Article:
Sunday, March 3, 2013

This cozy country

So Esquire columnist Bob Greene comes to Tokyo and freaks out - all this bowing, people so energetic, naked ladies and Miami Vice in Japanese on TV - and goes home exhausted, suffering from cultural concussion.

It works the other way too, of course. A Japanese engineer I know, a sophisticated guy who has figured out a way to record the entire Library of Congress on a single compact disc, comes to me and says he has been invited to give a ten-minute presentation of his work at Bell Labs in New Jersey and he wants to know how to greet them.

Ours has to be the last generation which clutches when it  travels to the other side of the world.

It must be less traumatic for foreigners to come to Japan, though, than for Japanese to venture abroad. Japan is so cozy, and abroad is so, well, brusque.
Think of it this way: Japanese go to New York and immediately get yelled at for not closing the taxi door, then they get looked at strangely for waiting for the green light before crossing the street. They conclude that New York is the frontier.

All sorts of functionaries make it plain that they expect to be tipped (even for opening the door of a taxi - in Japan the taxi driver pulls a lever to open and close the door for you, an indulgence it's easy for Japanese to take for granted when traveling abroad), but nobody seems grateful for the amount they are given. (There is in Japan no custom of tipping.) Purchases are hardly wrapped, if at all, and nobody seems much concerned about being polite.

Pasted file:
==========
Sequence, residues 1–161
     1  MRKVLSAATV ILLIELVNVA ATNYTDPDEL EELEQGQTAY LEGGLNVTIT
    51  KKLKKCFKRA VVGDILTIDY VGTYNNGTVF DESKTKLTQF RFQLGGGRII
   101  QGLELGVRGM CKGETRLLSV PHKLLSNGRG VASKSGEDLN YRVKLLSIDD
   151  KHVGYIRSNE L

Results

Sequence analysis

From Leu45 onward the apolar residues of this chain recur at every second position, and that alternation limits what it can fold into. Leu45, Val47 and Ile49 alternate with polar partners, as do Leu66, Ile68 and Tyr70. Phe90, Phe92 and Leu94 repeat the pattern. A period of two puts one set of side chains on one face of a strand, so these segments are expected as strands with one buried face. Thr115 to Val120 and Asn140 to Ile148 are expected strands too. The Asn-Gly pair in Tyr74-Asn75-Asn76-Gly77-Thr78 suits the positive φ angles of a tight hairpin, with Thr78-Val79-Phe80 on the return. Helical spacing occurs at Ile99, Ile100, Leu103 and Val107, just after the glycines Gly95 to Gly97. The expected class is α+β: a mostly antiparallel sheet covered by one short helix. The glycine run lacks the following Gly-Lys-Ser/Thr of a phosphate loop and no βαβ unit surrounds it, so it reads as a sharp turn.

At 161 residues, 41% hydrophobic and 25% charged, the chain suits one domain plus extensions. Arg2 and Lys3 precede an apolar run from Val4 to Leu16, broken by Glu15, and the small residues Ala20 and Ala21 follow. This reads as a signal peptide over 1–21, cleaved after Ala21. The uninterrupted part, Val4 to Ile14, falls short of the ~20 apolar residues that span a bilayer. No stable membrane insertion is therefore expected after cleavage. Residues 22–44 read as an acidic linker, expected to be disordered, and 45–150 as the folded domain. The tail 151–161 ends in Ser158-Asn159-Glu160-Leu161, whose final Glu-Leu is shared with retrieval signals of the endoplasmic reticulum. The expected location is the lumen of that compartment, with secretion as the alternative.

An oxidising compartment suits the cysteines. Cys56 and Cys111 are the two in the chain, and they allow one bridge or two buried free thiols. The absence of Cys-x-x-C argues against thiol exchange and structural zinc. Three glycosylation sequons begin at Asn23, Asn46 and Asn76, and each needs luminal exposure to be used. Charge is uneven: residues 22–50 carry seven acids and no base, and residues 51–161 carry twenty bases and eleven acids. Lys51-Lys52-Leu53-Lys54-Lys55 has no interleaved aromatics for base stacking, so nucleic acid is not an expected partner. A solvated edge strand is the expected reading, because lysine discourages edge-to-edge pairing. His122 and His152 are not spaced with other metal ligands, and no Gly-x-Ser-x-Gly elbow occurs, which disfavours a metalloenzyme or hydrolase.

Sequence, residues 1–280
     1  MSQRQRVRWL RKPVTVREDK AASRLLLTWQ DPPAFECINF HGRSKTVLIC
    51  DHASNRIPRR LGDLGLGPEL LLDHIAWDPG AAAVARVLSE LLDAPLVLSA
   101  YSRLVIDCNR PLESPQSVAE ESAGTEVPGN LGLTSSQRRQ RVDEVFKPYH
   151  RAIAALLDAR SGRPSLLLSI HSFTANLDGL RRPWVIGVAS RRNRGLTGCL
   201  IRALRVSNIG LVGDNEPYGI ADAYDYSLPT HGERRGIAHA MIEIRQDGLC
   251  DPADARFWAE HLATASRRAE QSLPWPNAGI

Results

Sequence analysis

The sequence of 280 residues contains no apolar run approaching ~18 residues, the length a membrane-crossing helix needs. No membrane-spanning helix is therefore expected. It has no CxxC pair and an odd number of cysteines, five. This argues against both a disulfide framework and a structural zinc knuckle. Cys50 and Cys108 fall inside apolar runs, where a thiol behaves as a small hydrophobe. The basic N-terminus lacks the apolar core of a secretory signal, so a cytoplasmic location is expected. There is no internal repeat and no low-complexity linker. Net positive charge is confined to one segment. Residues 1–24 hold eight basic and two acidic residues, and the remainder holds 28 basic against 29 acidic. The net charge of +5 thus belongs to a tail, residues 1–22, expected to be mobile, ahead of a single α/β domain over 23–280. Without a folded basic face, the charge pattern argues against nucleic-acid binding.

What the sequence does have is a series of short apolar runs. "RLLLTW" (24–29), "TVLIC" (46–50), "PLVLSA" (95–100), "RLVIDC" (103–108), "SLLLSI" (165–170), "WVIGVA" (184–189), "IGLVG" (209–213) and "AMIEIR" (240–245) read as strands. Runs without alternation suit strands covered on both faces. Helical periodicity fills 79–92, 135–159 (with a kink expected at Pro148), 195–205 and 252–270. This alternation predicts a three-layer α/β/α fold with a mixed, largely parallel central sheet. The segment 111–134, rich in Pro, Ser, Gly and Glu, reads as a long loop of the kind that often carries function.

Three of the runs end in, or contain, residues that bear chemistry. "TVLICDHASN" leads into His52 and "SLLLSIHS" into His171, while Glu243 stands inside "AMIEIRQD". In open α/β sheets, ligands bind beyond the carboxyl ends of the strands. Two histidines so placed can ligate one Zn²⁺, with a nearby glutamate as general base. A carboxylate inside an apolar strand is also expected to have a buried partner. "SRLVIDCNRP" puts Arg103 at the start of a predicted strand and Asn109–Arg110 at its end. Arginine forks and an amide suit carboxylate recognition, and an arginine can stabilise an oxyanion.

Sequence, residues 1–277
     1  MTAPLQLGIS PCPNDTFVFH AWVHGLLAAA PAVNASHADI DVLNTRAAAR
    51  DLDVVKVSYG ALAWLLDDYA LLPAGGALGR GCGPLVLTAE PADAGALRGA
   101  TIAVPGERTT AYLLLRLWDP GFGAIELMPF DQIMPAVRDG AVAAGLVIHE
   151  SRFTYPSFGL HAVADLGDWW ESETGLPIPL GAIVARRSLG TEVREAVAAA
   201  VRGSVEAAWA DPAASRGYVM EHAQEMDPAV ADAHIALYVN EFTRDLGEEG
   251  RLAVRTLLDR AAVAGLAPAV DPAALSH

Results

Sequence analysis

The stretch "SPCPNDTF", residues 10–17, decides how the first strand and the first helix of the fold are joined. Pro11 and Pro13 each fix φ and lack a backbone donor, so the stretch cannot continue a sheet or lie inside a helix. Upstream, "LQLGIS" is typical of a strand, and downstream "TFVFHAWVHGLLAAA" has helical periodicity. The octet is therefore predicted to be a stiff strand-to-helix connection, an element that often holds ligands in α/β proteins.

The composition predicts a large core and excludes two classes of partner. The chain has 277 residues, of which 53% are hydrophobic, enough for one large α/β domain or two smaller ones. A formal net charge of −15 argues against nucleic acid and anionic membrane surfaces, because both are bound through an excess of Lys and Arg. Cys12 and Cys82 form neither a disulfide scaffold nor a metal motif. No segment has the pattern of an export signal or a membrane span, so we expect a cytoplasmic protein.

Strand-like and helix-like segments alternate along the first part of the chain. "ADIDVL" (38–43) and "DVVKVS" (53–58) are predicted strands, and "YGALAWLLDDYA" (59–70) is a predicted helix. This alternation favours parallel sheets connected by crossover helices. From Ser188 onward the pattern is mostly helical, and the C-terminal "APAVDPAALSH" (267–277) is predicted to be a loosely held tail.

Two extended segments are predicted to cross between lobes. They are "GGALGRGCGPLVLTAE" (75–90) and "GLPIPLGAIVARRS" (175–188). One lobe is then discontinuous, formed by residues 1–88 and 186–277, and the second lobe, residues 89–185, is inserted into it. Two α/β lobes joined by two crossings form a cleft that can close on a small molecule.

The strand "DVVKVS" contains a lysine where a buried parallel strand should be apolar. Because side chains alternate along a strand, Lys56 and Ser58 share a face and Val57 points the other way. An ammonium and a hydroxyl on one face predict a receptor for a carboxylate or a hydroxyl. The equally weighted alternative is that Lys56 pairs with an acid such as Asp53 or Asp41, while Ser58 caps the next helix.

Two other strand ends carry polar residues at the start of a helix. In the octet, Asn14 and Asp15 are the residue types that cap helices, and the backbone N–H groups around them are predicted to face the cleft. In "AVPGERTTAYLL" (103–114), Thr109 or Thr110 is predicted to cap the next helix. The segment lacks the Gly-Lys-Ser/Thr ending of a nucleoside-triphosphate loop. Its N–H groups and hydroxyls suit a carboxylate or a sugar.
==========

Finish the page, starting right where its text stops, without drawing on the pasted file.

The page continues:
Japanese travelers leafing through magazines at a New York newsstand quickly learn they are not encouraged to do so although in Japan it is perfectly OK. They discover that American cars have names like Matador and Cobra and the advertisements for them snarl about horsepower and brakes. They recall wistfully that Japanese cars have names like "Parsley" and "Ballade" and that advertisements for them show young people holding hands.

In New York, buildings are monstrous, closing out the sky, while the open spaces of America extend to an empty horizon. Japanese think of the landscape of both urban and rural America as bleak, lonely, uncomfortably majestic. In Japan, there is no "Marlboro Country" which demands to be lived up to ("Golden Bat" country, maybe), and in Tokyo there are no boulevards scaled to make the stroller feel insignificant. All Tokyo is a jumble, like the family living room on a lazy Sunday afternoon.